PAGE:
“Journalism is not my domain, but I was reading about fake news and how people perceive it… and as I got involved in the project, I realized that advertisements on news sites are based on infrastructure that is based on data collection – and that gradually became the basis of understanding data being collected, and what we can do as individuals to become more comfortable in understanding the use of that data.”
“As I started researching more, I realized I had to be much more vigilant about [privacy], and it led me to design an interactive experience that allows people to have conversations and create a safe platform that allows for that discussion… My design thesis was about putting people in virtual spaces and asking them to make free decisions on data privacy or data collection and seeing the result of those decisions.”
Inspired by his thesis project, he started to think about how to represent his own feelings and relationships with the social networks around him for the VRARA competition, which were ultimately shaped by his experiences during his isolation from COVID-19. He reflected that he had made Facebook quite dystopian looking, probably due to the news around the platform at the time, and Google is cleaner and feels safer in the space.
“I was starting to get comfortable with having a Google Home at home – I started talking to it more once I was isolated, I was indoors and needed someone to talk to, and it affected the landscape as I created it.”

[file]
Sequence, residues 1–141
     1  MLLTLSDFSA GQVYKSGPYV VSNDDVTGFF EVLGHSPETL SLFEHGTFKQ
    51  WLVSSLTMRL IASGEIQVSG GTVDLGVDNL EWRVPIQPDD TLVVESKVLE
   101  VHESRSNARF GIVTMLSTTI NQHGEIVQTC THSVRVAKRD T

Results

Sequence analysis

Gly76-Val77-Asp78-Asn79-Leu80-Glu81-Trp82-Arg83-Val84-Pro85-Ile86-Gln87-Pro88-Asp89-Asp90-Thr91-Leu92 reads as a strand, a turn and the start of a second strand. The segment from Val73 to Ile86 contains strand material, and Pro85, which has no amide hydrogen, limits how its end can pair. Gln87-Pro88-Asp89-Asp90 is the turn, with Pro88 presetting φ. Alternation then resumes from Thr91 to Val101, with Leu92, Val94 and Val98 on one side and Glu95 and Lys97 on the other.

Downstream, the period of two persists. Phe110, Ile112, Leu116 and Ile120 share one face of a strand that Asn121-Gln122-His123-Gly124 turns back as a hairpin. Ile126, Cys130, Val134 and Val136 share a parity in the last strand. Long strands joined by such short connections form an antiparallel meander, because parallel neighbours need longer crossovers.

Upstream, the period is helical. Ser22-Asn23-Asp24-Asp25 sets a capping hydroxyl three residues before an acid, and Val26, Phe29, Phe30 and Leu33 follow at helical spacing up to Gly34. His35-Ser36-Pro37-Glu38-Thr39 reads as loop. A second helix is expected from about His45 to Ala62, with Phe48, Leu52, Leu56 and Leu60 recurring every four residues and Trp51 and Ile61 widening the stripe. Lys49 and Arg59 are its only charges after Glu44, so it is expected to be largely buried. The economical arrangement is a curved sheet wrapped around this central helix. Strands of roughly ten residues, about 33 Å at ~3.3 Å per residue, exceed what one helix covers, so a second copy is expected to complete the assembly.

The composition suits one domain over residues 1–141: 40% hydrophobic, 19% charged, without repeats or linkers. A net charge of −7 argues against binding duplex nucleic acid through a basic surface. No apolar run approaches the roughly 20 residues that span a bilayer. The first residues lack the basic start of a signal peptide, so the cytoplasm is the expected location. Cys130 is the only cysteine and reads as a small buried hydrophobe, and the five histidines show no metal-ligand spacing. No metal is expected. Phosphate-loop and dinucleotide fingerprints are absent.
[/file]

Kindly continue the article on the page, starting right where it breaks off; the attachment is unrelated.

You can watch a full tour of Chaudhary’s space is below (starts at 33:33 minutes).
Whimsical Lounge Pods earns Honorable Mention
Designed by Nicholas Peruski, Lounge Pods received an honorable mention in the competition. Taking a playful, almost Dr.Seuss-ian design, Lounge Pods models an outdoor work or break space, featuring stairs, viewpoints, and platforms that line up in pleasing curved and circular modalities throughout the space. Peruski created the space in Rhinoceros 6 by manipulating and extruding curved shapes, cutting holes, and drawing shapes. Also a New York City resident, Peruski was inspired by social distancing circles painted on the grass of Domino Park in Brooklyn, New York. The platforms, or Pods, are separated with adequate distance yet allows comfortable groups of friends and families to enjoy the company of those in the other Pods. A collection of stairs and tubes represent a series of passages and thresholds as in a quarantine or disinfection scenario.
If, like me, you are in need of something to be inspired by lately – I encourage you to take a moment to watch the video tour through all six of the competition’s excellent entries (below). The time and inspiration that these students put into their work is exceptional, and we are sure at SPAR 3D that they will be the among the visionaries defining our 3D spaces of the future.
Thanks to The Wild and VRARA for sponsoring this design competition.
Carla Lauter is the editor of Geo Week News, creating and curating content and newsletters in support of Geo Week. Before joining Diversified Communications, Carla spent 10 years on NASA and National Science Foundation funded projects focusing on Earth science and communication. She has worked on web-based outreach and online interactives for NASA Earth Science, including products for satellite missions measuring sea level, salinity and hyperspectral ocean color.